22 REFERENCES Prendiville WJ, Elbourne D, McDonald S (1) Active versus expectant management in the third stage of labour. Cochrane Database.Syst.Rev. 2000, Issue 3. Lalonde A, Daviss BA, Acosta A, Herschderfer K (2) Postpartum hemorrhage today: ICM/FIGO initiative Int.J.Gynecol.Obstet. 2006;94: World Health Organization (3) Managing Complications in Pregnancy and Childbirth. Geneva: World Health Organization, safer/publications/archived_publications/mcpc.pdf Hogerzeil HV, Walker GJ (4) Instability of (methyl)ergometrine in tropical climates: an overview. Eur.J.Obstet.Gynecol.Reprod.Biol. 1996;69:25-9. Hofmeyr GJ et al. (5) Misoprostol to treat postpartum haemorrhage: a systematic review. BJOG. 2005;112: McCormick ML, Sanghvi HC, Kinzie B, McIntosh N (6) Preventing postpartum hemorrhage in low-resource settings. Int.J.Gynecol.Obstet. 2002;77: Potts M et al. (7) Parachute approach to evidence based medicine. BMJ 2006;333: Sanghvi H et al. (8) Prevention of postpartum hemorrhage study, West Java, Indonesia World Health Organization (9) Reduction of maternal mortality: A joint WHO/UNFPA/ UNICEF/World Bank Statement publications/reduction_of_maternal_mortality/e_rmm.pdf World Health Organization (10) Making pregnancy safer: the critical role of the skilled attendant: A joint statement by WHO, ICM and FIGO pregnancy_safer/publications/archived_publications/skilled_attendant.pdf McDonald S, Abbott JM, Higgins SP (11) Prophylactic ergometrine-oxytocin versus oxytocin for the third stage of labour. Cochrane Database.Syst.Rev. 2004; Issue 1. Cotter A, Ness A, Tolosa J (12) Prophylactic oxytocin for the third stage of labour. Cochrane Database Syst. Rev.2001, Issue 4. Sorbe B (13) Active pharmacologic management of the third stage of labor. A comparison of oxytocin and ergometrine. Obstet.Gynecol. 1978;52: Management Sciences for Health & World Health Organization (14) International Drug Price Indicator 2005 Edition WHO Recommendations for the Prevention of Postpartum Haemorrhage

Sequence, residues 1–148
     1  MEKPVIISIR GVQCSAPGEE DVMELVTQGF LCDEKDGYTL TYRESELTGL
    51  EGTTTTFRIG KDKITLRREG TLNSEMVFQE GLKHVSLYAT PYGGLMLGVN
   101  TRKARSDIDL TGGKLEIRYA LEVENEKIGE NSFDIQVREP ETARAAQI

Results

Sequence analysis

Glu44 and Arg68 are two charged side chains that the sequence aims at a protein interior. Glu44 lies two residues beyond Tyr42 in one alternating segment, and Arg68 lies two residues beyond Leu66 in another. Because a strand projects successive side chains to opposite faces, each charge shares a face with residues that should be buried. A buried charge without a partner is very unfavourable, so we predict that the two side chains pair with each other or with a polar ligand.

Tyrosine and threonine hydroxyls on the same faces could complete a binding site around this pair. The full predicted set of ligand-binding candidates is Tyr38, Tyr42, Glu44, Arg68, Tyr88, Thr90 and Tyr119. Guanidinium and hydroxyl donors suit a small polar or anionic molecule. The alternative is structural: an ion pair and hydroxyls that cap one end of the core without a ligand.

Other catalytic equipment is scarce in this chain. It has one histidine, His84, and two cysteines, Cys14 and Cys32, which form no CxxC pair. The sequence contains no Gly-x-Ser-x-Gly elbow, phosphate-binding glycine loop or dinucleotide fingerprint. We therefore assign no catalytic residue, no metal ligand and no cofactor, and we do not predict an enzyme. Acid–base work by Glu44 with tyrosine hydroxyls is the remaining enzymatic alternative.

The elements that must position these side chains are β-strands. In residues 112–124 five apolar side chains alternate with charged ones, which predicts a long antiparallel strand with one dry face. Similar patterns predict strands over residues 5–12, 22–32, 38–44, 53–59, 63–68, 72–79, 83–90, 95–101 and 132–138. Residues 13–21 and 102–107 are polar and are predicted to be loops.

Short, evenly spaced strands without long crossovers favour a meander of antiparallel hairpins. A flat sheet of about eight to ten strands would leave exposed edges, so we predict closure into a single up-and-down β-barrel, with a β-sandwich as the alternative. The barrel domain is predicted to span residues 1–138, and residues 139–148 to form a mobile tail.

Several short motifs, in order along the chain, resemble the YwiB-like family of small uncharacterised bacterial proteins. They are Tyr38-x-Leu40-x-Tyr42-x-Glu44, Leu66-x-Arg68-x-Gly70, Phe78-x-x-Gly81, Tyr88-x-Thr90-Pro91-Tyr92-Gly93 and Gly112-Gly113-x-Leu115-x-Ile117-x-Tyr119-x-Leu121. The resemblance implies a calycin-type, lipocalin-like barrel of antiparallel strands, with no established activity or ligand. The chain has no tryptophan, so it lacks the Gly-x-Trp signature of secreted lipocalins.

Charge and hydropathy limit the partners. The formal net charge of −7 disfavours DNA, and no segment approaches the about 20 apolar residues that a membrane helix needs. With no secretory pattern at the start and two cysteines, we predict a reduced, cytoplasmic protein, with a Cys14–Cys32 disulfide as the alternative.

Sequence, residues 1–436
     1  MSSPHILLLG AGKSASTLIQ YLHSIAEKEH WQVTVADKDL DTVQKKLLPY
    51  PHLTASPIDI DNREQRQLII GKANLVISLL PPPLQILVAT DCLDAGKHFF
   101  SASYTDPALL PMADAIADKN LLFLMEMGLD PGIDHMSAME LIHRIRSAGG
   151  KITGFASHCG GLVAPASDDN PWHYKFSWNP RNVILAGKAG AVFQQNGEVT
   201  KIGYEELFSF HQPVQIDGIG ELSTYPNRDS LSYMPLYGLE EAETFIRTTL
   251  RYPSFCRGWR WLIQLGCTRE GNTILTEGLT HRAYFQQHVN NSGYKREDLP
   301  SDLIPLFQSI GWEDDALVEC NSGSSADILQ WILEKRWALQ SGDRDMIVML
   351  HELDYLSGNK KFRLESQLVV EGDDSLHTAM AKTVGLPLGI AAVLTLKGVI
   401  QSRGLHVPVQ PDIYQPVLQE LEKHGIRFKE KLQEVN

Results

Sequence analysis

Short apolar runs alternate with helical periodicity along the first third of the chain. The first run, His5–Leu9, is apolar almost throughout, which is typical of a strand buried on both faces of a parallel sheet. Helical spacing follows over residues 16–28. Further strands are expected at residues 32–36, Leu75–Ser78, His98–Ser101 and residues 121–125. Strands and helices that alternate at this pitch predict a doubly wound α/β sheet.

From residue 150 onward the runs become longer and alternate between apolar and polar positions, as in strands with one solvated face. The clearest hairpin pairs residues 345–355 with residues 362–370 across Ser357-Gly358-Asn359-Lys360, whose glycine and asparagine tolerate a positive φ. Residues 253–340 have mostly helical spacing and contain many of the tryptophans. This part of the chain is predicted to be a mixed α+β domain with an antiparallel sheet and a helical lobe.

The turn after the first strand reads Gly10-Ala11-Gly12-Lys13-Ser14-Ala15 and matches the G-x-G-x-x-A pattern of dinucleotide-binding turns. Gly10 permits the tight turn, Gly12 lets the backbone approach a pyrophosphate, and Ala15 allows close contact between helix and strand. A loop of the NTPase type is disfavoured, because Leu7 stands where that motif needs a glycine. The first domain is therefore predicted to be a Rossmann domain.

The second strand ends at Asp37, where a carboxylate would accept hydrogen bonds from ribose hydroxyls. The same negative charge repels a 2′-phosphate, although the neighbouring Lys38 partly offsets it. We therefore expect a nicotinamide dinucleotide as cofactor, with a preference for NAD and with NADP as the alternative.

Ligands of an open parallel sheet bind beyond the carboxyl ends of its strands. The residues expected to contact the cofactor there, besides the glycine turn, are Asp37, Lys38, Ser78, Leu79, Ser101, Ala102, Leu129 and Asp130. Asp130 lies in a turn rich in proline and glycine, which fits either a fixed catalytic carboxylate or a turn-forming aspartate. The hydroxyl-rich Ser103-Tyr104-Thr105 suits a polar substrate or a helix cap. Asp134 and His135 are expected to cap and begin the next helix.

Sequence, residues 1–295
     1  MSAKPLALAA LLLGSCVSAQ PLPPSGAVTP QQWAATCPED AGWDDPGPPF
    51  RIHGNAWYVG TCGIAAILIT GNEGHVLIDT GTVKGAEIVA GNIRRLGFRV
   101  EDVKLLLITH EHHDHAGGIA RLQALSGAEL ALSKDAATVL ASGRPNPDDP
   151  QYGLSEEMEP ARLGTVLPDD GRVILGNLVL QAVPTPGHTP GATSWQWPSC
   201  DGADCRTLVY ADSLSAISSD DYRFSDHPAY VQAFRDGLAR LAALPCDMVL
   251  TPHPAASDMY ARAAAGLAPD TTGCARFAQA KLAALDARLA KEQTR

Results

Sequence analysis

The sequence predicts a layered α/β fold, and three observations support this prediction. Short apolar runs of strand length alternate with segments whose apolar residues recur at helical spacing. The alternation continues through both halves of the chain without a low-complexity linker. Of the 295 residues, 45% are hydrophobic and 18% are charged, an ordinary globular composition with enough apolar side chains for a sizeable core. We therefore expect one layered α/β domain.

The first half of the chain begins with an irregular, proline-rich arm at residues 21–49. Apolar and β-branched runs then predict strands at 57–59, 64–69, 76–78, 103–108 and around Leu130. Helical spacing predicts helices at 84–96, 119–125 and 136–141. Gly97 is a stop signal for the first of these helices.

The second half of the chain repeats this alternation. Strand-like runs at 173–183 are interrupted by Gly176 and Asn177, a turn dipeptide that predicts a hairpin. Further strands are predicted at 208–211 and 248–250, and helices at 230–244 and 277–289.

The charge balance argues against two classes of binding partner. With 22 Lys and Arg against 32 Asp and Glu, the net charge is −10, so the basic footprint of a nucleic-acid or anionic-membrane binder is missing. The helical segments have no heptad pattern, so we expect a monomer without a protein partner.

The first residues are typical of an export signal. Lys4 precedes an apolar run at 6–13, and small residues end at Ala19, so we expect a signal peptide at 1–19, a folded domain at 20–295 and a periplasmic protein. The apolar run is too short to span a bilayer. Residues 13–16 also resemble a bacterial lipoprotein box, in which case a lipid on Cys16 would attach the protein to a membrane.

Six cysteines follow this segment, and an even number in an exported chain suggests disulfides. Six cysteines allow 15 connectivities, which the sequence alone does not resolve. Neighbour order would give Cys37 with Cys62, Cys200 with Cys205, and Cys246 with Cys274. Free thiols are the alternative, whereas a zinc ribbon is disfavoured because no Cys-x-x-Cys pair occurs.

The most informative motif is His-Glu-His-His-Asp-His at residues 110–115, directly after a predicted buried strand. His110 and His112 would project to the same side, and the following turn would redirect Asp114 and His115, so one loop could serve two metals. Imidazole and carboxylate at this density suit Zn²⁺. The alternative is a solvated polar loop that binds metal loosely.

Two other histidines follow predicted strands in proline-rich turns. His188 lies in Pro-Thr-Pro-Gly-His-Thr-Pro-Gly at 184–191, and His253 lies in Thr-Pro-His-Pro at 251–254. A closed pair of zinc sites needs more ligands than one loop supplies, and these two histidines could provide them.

23 Gulmezoglu, AM et al. (15) Prostaglandins for prevention of postpartum haemorrhage. Cochrane Database. Syst.Rev 2006, Issue 4. Templeton A (16) Misoprostol for all? Br.J.Obstet.Gynecol. 1998;105: Derman RJ et al. (17) Oral misoprostol in preventing postpartum haemorrhage in resourcepoor communities: a randomised controlled trial. Lancet 2006;368: Van Rheenen P, Brabin BJ (18) Late umbilical cord-clamping as an intervention for reducing iron deficiency anaemia in term infants in developing and industrialised countries: a systematic review. Ann.Trop.Paediatr. 2004;24:36. Emhamed MO, van Rheenen P, Brabin BJ (19) The early effects of delayed cord clamping in term infants born to Libyan mothers. Trop.Doct. 2004;34:2182. Chaparro CM et al. (20) Effect of timing of umbilical cord clamping on iron status in Mexican infants: a randomised controlled trial. Lancet 2006;367: Ceriani Cernadas JM et al. (21) The effect of timing of cord clamping on neonatal venous hematocrit values and clinical outcome at term: a randomized, controlled trial. Pediatrics 2006;117:e779-e786. Rabe H, Reynolds G, Diaz-Rossello J (22) Early versus delayed umbilical cord clamping in preterm infants. Cochrane Database Syst.Rev. 2004; Issue 4. Mercer JS et al. (23) Delayed cord clamping in very preterm infants reduces the incidence of intraventricular hemorrhage and late-onset sepsis: a randomized, controlled trial. Pediatrics 2006;117: Oxman AD, Guyatt GH (24) Validation of an index of the of review articles. J.Clin.Epidemiol. 1991;44: Moher D, Schulz KF, Altman DG (25) The COORT statement: revised recommendations for improving the of reports of parallel-group randomised trials. Lancet 2001;357: Moher D et al. (26) Improving the of reports of meta-analyses of randomised controlled trials: the QUOROM statement. QUOROM Group. Br.J.Surg. 2000;87: Atkins D et al (27) Grading of evidence and strength of recommendations. BMJ 2004;328:1490. WHO Recommendations for the Prevention of Postpartum Haemorrhage 21